(Natural News) One of the wonders of the human body is how coordinated everything seems to be. Each part of the body works together in perfect tandem to allow physiological, cognitive, and behavioral functions. Researchers have looked into how the many parts of the body cooperate almost flawlessly, and a new study now sheds light on how different proteins relay information: They found that cells use sugar to communicate at a molecular level.
Cells make up all living things and are the smallest forms of life. They provide structure for all living organisms and are involved in all biological, chemical, and signaling functions. The human body has 30 to 40 million cells that all work together to maintain proper bodily processes.
Cells come in different forms, shapes and sizes. Some cells are round, while others are flat, long, star-like, cubed, or even shapeless. The tiniest cells are bacterial cells, which can be as small as 1 millionth of a meter (micrometer). Plant cells are one of the bigger cells, measuring 10 to 100 micrometers in width. Among the biggest cells are the human egg cells, measuring 80 micrometers, which is about as thick as a strand of human hair.
Cell biologists use many different methods to study cells. There are various imaging techniques that magnify different parts of a cell. These techniques can also peer into cellular functions such as growth, division, and interaction. And with the ever-evolving technology, new methods are being discovered still. One recent study, for example, has found a way to use high-resolution images in conjunction with a computing model to determine how sugar affects cell communication. (Related: How Have Advances in Medical Technology Improved Healthcare.)
New method allows scientists to study cells more closely
Researchers from the University of Pennsylvania, Temple University, and RWTH Aachen University discovered a new method that allows a more in-depth study of synthetic cells. In the past, scientists have used diffraction that involved breaking cells apart in order to get an image of the individual parts. While it can provide much detail about separate parts of cells, it does not capture how cells work as a whole. Other methods like fluorescence microscopy allow scientists to study entire cells, but these tools proved to be complicated to use and the images they produce are not up to par with those produced by diffraction.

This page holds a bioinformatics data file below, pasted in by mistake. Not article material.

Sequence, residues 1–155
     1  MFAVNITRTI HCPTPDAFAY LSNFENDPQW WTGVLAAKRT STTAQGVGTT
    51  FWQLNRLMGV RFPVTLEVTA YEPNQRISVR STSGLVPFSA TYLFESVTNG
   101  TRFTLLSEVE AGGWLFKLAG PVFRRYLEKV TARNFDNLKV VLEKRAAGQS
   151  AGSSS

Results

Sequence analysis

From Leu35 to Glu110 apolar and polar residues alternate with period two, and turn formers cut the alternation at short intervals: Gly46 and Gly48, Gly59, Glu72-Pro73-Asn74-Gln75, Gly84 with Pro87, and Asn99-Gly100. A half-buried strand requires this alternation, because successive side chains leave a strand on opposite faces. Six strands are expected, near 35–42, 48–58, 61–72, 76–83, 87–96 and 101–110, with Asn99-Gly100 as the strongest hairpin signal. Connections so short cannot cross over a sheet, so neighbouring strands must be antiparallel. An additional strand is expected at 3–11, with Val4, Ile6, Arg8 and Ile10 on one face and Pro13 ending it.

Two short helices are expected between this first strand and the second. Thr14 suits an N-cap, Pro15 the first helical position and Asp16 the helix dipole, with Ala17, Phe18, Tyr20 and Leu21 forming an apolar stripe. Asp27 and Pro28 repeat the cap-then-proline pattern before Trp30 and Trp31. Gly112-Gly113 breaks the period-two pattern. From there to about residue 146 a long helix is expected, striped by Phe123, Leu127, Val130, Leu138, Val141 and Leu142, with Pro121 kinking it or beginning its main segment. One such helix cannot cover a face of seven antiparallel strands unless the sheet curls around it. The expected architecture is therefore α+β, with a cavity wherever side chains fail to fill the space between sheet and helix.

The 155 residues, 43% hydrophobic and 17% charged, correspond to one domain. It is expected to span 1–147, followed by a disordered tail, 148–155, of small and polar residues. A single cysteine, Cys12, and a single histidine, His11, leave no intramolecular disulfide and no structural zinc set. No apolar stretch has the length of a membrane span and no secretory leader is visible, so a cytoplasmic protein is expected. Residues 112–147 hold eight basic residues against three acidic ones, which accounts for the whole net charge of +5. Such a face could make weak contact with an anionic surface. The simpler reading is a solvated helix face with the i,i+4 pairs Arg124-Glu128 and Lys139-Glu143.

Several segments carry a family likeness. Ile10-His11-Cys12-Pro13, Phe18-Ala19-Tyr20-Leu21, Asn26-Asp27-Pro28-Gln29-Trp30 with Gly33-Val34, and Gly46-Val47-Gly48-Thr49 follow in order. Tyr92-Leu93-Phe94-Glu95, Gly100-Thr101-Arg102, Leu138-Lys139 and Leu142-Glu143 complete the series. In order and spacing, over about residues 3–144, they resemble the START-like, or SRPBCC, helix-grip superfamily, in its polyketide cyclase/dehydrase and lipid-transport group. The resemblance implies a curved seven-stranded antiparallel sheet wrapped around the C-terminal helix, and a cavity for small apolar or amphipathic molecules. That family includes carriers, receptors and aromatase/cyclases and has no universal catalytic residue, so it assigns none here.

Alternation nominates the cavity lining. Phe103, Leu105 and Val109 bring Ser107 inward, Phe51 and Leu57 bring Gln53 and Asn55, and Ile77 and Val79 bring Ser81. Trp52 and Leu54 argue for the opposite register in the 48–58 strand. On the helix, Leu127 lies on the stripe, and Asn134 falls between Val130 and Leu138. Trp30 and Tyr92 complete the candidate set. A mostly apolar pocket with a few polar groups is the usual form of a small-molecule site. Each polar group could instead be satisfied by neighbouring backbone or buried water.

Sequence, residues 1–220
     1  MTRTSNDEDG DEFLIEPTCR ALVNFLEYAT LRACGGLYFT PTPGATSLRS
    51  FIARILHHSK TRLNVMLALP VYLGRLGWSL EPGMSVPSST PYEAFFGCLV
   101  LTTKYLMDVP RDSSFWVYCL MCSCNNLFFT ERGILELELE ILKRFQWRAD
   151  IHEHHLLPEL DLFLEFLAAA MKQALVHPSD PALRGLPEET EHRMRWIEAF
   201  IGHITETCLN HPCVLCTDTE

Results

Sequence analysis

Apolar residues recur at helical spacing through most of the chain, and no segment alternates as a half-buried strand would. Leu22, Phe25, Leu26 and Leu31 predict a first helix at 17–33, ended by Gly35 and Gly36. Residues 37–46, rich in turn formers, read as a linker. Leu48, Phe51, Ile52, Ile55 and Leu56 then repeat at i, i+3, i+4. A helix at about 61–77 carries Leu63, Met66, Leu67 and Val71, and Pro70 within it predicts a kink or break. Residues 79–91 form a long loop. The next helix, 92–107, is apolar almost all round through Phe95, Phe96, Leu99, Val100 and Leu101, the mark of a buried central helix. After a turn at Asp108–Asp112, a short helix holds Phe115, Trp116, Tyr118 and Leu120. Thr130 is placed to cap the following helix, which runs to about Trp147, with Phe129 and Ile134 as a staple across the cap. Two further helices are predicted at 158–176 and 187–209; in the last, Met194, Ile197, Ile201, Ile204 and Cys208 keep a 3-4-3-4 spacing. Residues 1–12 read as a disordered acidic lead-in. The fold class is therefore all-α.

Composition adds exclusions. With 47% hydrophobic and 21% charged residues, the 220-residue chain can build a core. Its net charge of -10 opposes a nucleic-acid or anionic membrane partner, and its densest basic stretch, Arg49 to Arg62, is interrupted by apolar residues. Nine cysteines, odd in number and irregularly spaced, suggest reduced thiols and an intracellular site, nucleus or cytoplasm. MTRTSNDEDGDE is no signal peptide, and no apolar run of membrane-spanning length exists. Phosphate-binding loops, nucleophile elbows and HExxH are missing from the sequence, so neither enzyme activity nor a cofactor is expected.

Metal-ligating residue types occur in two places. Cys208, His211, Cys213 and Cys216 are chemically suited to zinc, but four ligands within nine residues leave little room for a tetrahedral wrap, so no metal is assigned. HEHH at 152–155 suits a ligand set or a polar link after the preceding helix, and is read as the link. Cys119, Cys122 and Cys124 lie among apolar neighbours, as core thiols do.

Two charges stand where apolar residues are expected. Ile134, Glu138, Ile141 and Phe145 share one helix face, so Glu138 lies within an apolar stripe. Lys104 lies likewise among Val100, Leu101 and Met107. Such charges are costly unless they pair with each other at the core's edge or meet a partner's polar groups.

The researchers used synthetic cells as a model system to invent a new way to study cell membranes. They called this new method atomic force microscopy. It allows researchers to produce high-resolution images of whole cells, which reveal shapes and structures as small as half a nanometer – approximately 10,000 times smaller than the width of a human hair. These high-res images are analyzed using a model designed to compute how the images relate to cell function.
The study is notable for being the first of its kind – a diffraction-like method that can be applied to whole synthetic cells. Using this breakthrough method, Percec and his team were able to identify how low concentrations of sugar on the surface of a cell membrane caused “increased reactivity with proteins on the membranes of other cells.”
Percec noted the importance of this new method, calling its discovery a “lucky accident” that will be instrumental in future studies of cells. “We approach problems that other people say there is no solution for. You cannot make a big breakthrough overnight,” said Percec. “All these people on our team are gifted and have the machinery needed to solve the various problems along the way that bring the story together.”